Architectural Theory : Vitruvius, On Architecture, Book 1

Architectural Theory
Volume 1 - An Anthology From Vitruvius to 1870
edited by:  Harry Francis Mallgrave
A. Classical and Medieval Traditions

Intro + Vitruvius
On Architecture, Book 1
- The Education of the Architect/The Fundamental Principles of Architecture
  • When we speak of the classical tradition in architecture, we refer to the intellectual and artistic productions of Greek and Roman antiquity, and to the “rediscovery” of this legacy in medieval times, the Renaissance, and in the ensuing centuries. (3)
  • Classicism begins with Vitruvius/Marcus Vitruvius Pollio. He served under Julius Caesar as a military engineer. Served under Octavian (son of Julius) as engineer. Built one building “The basilica at Fano” nothing has survived of it. He favored late-Hellenic architecture. (4)
  •  Ten Books of Architecture: Embraces many more concerns than what today is considered to fall within the realm of architecture. (4)
Book 1 he presents the six principles of architecture:

1. Order

2. Arrangement
Arranging things properly and attaining an elegant effect. Groundplan, Elevation and Perspective. Groundplan is made by the proper use of compasses and rules, through which we get outlines for the plane surfaces of buildings. An elevation is a picture of the front of a building, set upright and properly drawn in proportion. Perspective is the method of sketching a front with the sides withdrawing into the background. All three come of reflexion and invention. Reflexion is careful and laborious thought, and watchful attention directed to the agreeable effect of one’s plan. Invention is the solving of intricate problems and the discovery of new principles by means of brilliancy and versatility. (7)

3. Eurhythmy
Is beauty and fitness in the adjustments of the members when they all correspond symmetrically (7)

4. Symmetry
A proper agreement between the members of the work itself and relation between the different parts and the whole general scheme. Remember: The human body is in perfect symmetrical harmony. (p 7)

5. Propriety
Is that perfect of style which comes when a work is authoritatively constructed on approved principles. (7)

Doric: Will be the temples of Minerva, Mars and Hercules. Since the virile strength of these gods makes daintiness entirely inappropriate to their houses. (7)

Corinthian: Will be found to have peculiar significance because these are delicate divinities and so its rather slender outlines, its flowers, leaves and ornamental volutes will lend propriety where it is due. (7)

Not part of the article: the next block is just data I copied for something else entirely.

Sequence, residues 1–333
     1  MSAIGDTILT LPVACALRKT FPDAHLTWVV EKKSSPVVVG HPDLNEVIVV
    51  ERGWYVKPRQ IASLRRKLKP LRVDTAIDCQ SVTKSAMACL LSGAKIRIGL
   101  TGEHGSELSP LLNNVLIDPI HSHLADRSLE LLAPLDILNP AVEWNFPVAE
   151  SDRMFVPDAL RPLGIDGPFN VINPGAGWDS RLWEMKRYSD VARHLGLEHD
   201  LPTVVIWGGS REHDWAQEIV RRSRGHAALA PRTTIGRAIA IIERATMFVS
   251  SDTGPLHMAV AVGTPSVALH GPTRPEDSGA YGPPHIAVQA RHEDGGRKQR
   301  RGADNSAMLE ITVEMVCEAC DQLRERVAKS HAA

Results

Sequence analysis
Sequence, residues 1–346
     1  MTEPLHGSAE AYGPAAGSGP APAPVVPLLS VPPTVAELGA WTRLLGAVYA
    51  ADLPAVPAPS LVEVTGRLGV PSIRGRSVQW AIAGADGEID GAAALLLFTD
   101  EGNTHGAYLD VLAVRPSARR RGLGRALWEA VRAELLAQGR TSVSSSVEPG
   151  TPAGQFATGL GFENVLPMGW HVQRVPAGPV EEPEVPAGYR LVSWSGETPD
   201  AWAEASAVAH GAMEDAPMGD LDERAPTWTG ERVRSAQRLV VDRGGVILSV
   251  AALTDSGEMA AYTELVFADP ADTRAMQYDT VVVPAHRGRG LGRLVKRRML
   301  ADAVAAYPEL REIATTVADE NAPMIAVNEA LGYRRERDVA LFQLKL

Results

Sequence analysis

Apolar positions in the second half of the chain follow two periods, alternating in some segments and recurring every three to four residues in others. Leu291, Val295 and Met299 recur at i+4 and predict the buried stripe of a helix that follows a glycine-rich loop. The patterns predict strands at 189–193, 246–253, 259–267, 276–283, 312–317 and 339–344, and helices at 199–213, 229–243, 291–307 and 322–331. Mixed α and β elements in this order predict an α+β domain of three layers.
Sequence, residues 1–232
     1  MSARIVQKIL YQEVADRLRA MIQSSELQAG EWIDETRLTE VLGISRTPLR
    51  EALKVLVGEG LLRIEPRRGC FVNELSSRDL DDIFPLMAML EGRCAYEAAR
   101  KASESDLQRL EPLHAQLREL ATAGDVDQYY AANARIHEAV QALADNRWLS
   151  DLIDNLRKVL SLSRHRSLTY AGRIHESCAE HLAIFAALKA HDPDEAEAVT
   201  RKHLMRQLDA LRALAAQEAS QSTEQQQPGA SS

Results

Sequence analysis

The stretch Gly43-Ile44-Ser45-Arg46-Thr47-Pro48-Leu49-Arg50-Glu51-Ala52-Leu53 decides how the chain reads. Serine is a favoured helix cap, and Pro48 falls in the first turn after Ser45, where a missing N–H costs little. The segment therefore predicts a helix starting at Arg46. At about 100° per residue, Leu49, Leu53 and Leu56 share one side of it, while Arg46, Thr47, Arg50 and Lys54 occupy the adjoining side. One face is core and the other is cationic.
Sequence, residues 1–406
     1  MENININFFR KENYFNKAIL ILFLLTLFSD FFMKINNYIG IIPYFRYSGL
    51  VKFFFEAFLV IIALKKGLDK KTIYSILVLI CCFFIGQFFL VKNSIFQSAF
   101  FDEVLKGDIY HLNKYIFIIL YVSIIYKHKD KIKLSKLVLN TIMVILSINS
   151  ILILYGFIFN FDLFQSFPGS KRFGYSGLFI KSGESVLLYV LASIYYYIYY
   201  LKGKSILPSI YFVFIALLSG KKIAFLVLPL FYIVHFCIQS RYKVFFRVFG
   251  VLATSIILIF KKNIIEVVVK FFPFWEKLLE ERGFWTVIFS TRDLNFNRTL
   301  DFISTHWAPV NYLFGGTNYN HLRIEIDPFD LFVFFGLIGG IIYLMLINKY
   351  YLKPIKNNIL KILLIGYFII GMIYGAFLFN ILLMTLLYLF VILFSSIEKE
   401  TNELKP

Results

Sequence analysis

Ionic: The order to Juno, Diana, Father Bacchus, and the other gods of that kind will be keeping with the middle position which they hold. An appropriate combination of the severity of the Doric and the delicacy of the Corinthian. (7)

6. Economy
The proper management of materials; as well as thrifty balancing of cost and common sense.  Try to use local or as local as possible material to cut down in cost. Building dwellings suitable for the clients; whether ordinary householders, great wealthy or for those in high position of government. (8)

Book 2 represents the Vitruvian Triad: Commodity, Firmness, and Delight. Proportion and symmetry can be adjusted where the eye deems it necessary.

Books 3 and 4 he represents the proportional rules and description of three types of temples. Starting with their columns, which later will be constructed as “orders.”

Books 5 and 6 concern other building types such as: Basilicas, Treasuries, Theaters, Gymnasia, and Dwellings.

Books 8, 9 and 10 deal with water: aqueducts, wells. Time-pieces: zodiacs, planets, astrology, sundials. And, mechanics: pulleys, screws, catapults, battering rams.

  • By the fourth Crusade (1198-1216) the Latin Church had achieved its apogee as apolitical and military power and essentially unified Europe with its language, law and theology. Arab scholars had reintroduced Greco-Roman classical tradition into the West. Thus the Gothic period appeared at the moment when a classical cultural renaissance was taking place in Europe; scholars renewed historical interest and the production of books increased dramatically. (5)

  • The Church’s relationship with classicism was ambiguous because it bore the marks of paganism and was often viewed with suspicion; however, there was a genuine interest in recapturing the legacy of the past. (5)

  • Symbolism, a prominent feature of Gothic architecture in particular remained wedded to theological and pedagogical interests. The great monuments of the Middle Ages were extensions of the Church’s teachings.(5)

- The Three-Departments of Architecture: They must be built with due reference to durability, convenience, and beauty.

1. The Art of Building: This department is split into two. The first is of works for general use in public classes; defense, religious and utilitarian. The second is for private individuals. (8)

Defense: The planning of walls, towers and gates. Permanent devices for resistance against hostile attacks.

Religious: The erection of fanes and temples to the immortal gods.

Utilitarian: Meeting places for public use such as harbors, markets, colonnades, baths, theaters, promenades, and such.

2. The making of time pieces

3. The construction of machinery

*notes and information I've taken from my readings - this book was purchased for the arch theory class ARC1201.

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